The city of Key West is an interesting mix of early twentieth century military outpost, southern fishing village, popular tourist destination and party town.

The sun set as I cruised up and down the narrow streets, exploring shady neighborhoods, admiring some of the old wood-frame houses and huge banyan trees. Duval Street, about which I was warned, is lined with shops, pubs and restaurants, the sidewalks jammed with tourists. A very festive atmosphere.

I never got off the bike in Key West. I just kept riding, eventually finding my way back to Route 1 and out of town. In both directions, traffic was very heavy. (There would be a real crisis if cars didn't leave Key West at about the same rate they arrive!)

I don't know Florida's laws about "splitting traffic", but did it nevertheless, on several occasions evoking strong reactions (horns, flashing lights, maneuvers to cut me off). "Geez! You would think I personally injured these people!" Americans in particular seem to take law enforcement personally. I call it the "vigilante syndrome", a remnant of the Wild West. Of course, as a motorcyclist, one of the reasons I ride is to avoid being stuck in lines. It appeals to the outlaw in me.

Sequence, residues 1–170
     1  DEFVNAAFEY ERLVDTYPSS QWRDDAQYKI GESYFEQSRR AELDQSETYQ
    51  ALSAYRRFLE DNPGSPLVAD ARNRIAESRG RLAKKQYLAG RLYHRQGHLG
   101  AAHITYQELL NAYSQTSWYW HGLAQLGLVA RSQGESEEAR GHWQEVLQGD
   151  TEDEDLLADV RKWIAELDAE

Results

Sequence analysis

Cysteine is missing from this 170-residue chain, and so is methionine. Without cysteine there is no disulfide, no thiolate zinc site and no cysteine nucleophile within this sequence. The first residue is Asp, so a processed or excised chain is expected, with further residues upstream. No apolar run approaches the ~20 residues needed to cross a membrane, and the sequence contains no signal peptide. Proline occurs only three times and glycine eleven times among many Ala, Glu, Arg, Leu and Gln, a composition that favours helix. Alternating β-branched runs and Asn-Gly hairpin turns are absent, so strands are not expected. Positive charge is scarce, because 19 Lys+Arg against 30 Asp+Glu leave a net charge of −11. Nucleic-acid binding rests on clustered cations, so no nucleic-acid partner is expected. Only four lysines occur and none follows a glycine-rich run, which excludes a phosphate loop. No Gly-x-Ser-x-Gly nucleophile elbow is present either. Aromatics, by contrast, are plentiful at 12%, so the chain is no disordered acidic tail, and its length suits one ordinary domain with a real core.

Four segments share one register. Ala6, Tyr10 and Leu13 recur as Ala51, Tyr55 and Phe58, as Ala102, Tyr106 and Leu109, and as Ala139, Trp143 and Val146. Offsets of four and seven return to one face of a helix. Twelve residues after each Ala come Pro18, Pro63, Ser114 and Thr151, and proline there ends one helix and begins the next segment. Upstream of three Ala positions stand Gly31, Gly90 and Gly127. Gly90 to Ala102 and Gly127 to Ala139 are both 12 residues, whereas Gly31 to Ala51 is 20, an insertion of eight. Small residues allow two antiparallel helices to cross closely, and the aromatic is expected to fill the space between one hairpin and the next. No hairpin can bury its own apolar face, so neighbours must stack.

I wanted to put as much of the two-lane highway behind me as possible before dark. There was no particular plan. I would ride as long as I felt like riding. It is SO easy in this country! Riding the interstates at night is of little concern. If the temperature permits, and fatigue is not a problem, there's no reason to stop!

On my map, there were some campgrounds along the coast north of Miami. I considered checking those out.

To bypass Miami, I again took Florida's Turnpike. Cranked the speed up to 80. Sailing along through moderate traffic, I was illuminated by a spotlight. It was a police car, but it was headed off on a different fork in the road, so I assume he was just warning me. Another $5 or 6 in tolls to get around Miami and then pick up Interstate 95 north. Of course, the interstates are primary trucking routes, whereas traffic on the Turnpike was predominantly passenger vehicles.

Took a break about 10:00 p.m. at a Denny's restaurant in West Palm Beach, ordering up my usual: waffle with strawberries. It seemed not that long ago I was sitting in Denny's restaurants in Washington D.C. and Brownsville, Texas (last August).

The temperature was so nice, it seemed I could drive all night, but after ten hours in the saddle my butt was getting sore. At Fort Pierce, I found a cluster of motels at the freeway exit, and decided to check their status. Except for one or two expensive suites, all were full.

The ride would continue a bit longer...